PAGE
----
So you’re thinking of getting your first puppy?

Photo: Paul+photos=moody
Photo: Paul+photos=moody

Puppies are cute there’s no question. The real question is are you ready for your first one? I think the answer to this one is the same as having kids…you might think you are but you have no idea what’s in store. We read a lot before you got our puppy but there’s tons of things they don’t tell you about such as you dog might not really know how to play (we actually had to teach our puppy to play rather than just try to bite and shake our pants instead). Your puppy might not be bothered by their collar or leash but they have zero interest in going for a walk….and so on. If this doesn’t deter you then great! The next question is where do you find that cute fuzzy ball of fur?
Most people realize that it’s probably not a good idea puppies on buy and sell website (you might be supporting  a puppy mill or backyard breeder). So that leaves rescues groups/shelters or breeders and I’ll discuss both.


There are many, many abandoned/stray/unwanted dogs (even puppies) that are available from rescues/shelters. I personally prefer organizations that foster the dogs rather than have them in a shelter environment especially if you adopting an older puppy. Dogs in shelters don’t act “normal” and who would blame them, it’s a very high stress environment. A foster allows them to act more normal, introduce them to basic training in many cases (housebreaking etc depending on the age of the pup) and can hopefully provide some insight into the quirks of the pup (and to be clear all dogs have quirks no matter where you get them….just like people). Breed specific rescues are even better because they can help ensure you are prepared for the challenges and have lots of experience with that particular breed. Finally, not only are you saving a life but they are usually cheaper than breeders (of course money shouldn’t be the only consideration).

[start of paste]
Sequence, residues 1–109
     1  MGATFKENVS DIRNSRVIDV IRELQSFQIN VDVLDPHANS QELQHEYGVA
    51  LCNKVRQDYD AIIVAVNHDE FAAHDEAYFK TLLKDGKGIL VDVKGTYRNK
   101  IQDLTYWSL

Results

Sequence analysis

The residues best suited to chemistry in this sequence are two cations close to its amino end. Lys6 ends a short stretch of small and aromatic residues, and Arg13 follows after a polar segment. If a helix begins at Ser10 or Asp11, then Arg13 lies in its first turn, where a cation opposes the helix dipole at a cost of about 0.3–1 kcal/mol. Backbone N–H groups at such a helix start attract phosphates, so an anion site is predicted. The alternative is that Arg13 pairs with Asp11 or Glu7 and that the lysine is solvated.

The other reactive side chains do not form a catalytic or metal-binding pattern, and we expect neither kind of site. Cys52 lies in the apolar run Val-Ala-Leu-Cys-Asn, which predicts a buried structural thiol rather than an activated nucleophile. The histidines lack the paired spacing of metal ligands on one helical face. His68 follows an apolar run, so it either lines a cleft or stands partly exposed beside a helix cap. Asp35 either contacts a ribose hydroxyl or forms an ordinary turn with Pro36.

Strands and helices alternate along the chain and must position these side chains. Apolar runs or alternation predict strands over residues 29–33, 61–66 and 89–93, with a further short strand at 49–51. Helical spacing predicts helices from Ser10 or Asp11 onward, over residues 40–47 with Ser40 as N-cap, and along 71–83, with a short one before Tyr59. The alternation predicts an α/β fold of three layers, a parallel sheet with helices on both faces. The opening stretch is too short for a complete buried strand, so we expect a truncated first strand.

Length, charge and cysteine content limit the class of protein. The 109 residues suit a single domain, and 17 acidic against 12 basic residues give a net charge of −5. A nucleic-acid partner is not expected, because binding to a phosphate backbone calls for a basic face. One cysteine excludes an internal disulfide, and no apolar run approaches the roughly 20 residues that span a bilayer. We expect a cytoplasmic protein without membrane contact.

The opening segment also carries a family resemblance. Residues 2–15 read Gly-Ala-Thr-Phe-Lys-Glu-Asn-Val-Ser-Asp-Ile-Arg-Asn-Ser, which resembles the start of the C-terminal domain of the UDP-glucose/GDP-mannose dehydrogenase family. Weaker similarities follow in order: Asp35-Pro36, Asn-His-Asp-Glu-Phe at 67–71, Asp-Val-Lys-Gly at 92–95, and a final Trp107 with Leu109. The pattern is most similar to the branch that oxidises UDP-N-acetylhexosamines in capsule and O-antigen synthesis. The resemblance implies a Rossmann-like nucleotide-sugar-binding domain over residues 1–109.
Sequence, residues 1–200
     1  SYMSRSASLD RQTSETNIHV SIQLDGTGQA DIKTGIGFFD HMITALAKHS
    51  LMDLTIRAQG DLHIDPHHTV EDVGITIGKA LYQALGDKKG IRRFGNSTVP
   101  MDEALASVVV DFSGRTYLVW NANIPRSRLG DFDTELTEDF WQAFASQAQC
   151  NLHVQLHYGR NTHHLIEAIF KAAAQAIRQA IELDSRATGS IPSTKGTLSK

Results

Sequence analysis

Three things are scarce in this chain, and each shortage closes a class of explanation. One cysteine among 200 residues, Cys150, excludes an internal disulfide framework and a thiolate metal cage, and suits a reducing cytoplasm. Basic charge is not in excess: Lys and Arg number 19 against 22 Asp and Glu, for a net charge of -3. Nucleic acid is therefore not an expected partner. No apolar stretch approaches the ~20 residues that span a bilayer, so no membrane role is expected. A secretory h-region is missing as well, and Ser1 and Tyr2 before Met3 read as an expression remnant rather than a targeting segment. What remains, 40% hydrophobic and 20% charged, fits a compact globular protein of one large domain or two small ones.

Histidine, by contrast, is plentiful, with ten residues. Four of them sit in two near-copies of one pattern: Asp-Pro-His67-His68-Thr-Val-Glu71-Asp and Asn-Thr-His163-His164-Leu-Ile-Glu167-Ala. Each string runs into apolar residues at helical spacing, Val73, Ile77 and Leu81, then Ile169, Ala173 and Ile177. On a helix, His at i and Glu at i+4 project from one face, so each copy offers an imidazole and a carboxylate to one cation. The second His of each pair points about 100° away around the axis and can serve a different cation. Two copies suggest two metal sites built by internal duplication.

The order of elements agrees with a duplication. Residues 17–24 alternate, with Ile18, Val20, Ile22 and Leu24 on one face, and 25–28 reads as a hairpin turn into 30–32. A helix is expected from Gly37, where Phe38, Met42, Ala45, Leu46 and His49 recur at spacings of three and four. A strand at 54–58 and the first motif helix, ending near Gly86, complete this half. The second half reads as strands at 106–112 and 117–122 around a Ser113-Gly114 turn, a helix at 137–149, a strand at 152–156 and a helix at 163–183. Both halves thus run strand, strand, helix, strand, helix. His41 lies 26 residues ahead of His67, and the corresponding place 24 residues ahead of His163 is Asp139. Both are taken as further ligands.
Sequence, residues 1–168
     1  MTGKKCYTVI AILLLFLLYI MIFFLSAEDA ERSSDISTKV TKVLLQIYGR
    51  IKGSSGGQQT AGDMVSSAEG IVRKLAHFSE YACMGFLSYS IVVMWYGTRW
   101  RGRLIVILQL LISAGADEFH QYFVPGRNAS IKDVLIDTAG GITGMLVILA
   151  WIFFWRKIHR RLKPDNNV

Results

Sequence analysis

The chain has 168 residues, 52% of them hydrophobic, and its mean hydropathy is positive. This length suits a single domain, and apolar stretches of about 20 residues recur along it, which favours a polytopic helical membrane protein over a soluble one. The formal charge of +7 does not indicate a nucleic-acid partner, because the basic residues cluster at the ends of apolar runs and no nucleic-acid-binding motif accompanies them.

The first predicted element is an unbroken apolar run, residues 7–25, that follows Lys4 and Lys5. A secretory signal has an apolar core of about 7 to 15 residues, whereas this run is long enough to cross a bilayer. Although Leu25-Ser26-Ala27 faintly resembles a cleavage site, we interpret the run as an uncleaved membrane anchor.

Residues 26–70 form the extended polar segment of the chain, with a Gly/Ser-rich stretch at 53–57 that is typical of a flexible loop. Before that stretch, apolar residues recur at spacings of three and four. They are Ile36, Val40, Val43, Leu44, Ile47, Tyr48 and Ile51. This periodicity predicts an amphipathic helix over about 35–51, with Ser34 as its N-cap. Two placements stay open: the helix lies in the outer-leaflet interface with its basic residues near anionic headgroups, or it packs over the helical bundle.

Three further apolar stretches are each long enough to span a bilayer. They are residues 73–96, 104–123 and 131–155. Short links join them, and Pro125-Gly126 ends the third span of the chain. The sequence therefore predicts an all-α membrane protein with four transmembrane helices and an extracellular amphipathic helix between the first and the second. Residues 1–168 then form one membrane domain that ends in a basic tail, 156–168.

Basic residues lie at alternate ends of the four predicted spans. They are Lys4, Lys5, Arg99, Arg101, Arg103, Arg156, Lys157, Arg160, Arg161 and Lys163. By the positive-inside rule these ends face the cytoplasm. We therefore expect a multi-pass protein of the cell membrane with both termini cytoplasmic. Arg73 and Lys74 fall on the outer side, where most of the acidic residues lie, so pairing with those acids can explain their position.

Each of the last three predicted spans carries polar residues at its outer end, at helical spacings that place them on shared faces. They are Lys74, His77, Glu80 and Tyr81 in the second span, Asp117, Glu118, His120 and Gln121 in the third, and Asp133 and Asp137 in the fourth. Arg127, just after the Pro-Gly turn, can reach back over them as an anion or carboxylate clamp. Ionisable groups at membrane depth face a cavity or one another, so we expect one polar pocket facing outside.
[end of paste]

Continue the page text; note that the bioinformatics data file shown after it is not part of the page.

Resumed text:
There are lots of breeders out there but how do you find one that’s reputable? First, find out of they test for common issues in that breed. Many breeds are prone to hip/elbow displasia, eye or heart problems that have a genetic basis. Therefore, responsible breeders should be testing all their dogs before breeding and be able to provide proof if asked. Most will also show/work/do breed surveys to ensure the dogs they are producing are in line with the standards for that breed.

Ask how they raise their puppies. Are they handled from birth? Do they do any socialization prior to the puppies going home etc?

Next, arrange a visit with the breeder to see what their facilities are like and meet some of their dogs. Are they clean and the dogs reasonably friendly?

Finally, see if you can find out from other people what their experiences with a particular breeder were. This can be tricky but a good place to start is breed specific forums such as or

Getting a puppy is a big decision so it’s important to do you research.


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